Although U.S. and South Korean officials have recently stated that they suspect North Korea is close to acquiring or may even already possess the technical ability to miniaturize a warhead to fit atop a ballistic missile, North Korea has several considerable hurdles to clear before it possesses operational nuclear capability. For example, it will need to conduct additional nuclear tests to ensure the effectiveness and reliability of its warhead designs. North Korea will also need to develop a re-entry vehicle suitable for carrying a nuclear payload as well as strengthen, and in some cases develop, the necessary command, control, and targeting infrastructure. Despite the suspected maturation of its weapons program in recent years, these areas, among others, represent significant obstacles to Pyongyang’s realization of an operational nuclear capability.

North Korea is therefore likely to continue work in each of these areas in 2015. Expect to see additional missile tests, and potentially another underground nuclear test, tied to important dates in the North Korean calendar or in response to perceived acts of international “aggression”—such as the unlikely referral of the regime to the International Criminal Court over human rights violations or the annual military exercises carried out by the United States and South Korea.

Pyongyang’s steady progress toward an operational nuclear weapon poses a significant threat to regional stability and security. The United States must therefore take measures to sustain the capabilities underpinning its extended deterrence commitments, thus reinforcing the credibility of these commitments to both its regional allies and adversaries. It must place renewed emphasis on addressing this gathering storm through a mixture of economic and diplomatic pressure and inducement in close consultation with other concerned regional powers. Pyongyang’s acquisition of an operational nuclear weapon would be hugely destabilizing to the region and ultimately in no country’s interest. This issue is nearing a crucial tipping point and greater urgency is required if North Korea is to be stopped from going nuclear.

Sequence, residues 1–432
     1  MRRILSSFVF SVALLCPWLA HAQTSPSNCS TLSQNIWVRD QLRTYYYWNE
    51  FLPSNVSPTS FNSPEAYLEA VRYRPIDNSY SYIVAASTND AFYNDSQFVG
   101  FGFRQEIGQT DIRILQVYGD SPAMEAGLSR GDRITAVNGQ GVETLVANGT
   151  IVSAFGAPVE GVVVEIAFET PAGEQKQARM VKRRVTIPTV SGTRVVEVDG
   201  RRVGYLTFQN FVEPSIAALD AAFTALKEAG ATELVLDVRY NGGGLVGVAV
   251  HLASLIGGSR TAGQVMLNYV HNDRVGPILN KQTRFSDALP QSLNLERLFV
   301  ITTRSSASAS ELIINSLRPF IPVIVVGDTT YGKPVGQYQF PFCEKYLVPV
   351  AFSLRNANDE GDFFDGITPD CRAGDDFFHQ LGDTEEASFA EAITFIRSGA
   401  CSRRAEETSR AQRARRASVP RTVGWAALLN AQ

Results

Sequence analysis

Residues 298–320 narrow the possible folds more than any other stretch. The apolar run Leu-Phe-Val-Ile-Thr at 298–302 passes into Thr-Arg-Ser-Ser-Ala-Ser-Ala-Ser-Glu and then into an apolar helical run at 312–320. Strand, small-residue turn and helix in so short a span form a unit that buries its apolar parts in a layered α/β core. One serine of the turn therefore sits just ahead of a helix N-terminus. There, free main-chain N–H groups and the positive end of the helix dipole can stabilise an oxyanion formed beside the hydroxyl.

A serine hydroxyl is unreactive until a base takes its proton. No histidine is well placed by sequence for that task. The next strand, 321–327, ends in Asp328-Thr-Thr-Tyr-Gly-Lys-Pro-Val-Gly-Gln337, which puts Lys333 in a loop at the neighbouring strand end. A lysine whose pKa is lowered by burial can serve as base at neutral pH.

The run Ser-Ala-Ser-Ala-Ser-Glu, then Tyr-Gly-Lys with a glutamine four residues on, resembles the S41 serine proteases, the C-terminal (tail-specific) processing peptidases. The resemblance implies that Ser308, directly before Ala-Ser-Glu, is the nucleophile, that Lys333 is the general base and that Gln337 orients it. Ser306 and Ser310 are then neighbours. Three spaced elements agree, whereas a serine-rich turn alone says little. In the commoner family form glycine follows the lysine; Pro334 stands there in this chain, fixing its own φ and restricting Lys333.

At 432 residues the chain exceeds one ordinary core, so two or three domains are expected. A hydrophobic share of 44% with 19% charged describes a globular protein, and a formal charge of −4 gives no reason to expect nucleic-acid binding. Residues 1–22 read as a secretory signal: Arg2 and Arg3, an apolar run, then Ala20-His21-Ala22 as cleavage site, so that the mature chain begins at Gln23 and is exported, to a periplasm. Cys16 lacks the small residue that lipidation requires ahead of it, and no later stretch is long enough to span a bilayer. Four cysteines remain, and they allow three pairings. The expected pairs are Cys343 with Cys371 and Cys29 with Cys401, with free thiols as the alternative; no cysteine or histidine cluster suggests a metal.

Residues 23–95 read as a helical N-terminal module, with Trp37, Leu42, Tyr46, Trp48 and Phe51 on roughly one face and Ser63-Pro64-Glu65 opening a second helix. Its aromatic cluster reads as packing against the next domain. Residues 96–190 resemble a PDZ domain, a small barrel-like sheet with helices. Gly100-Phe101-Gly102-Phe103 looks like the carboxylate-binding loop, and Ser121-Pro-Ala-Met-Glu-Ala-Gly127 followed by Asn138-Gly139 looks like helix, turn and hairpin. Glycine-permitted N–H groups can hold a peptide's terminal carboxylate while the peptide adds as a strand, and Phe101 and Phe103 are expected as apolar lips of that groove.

1. What the Ukraine Crisis Means for Asia

      By Nadège Rolland

 2. The Road Back to Democracy in Thailand

      By Rachel Wagley

 3. Indonesian Foreign Policy under Jokowi

      By Laura Schwartz

 4. A New Year of Apprehension in Myanmar

      By Rachel Wagley

 5. Afghanistan-Pakistan: Building Peace, Ensuring Stability

      By Deep Pal

 6. Iran’s Year to Come in from the Cold

      By Alison Szalwinski

 7. North Korea’s Nuclear Capability

      By NBR Staff

 8. India’s Economic Diplomacy

      By Ved Singh

 9. Xi Jinping’s New Foreign Policy

      By R. Lincoln Hines

10. Divisions between China, Hong Kong, and Taiwan

      By Kelly Vorndan

11. Can Shinzo Abe Make Good on His Promises in Japan?

      By Kunihiro Shimoji

12. High-Profile Negotiations across the Pacific

      By Meredith Miller

13. Changes to the Global Energy Landscape

      By Clare Richardson-Barlow

14. The U.S. Rebalance to Asia

      By Andy Nguyen

15. Cyber Insecurity

      By Casey Bruner


This is one of 15 essays examining how 2015 will shape the economy, political systems, and geopolitical arena in the Asia-Pacific and beyond. Download all 15 essays in PDF format or access them online below.


More on the Region and Topic

North Korea (DPRK)

Nuclear Proliferation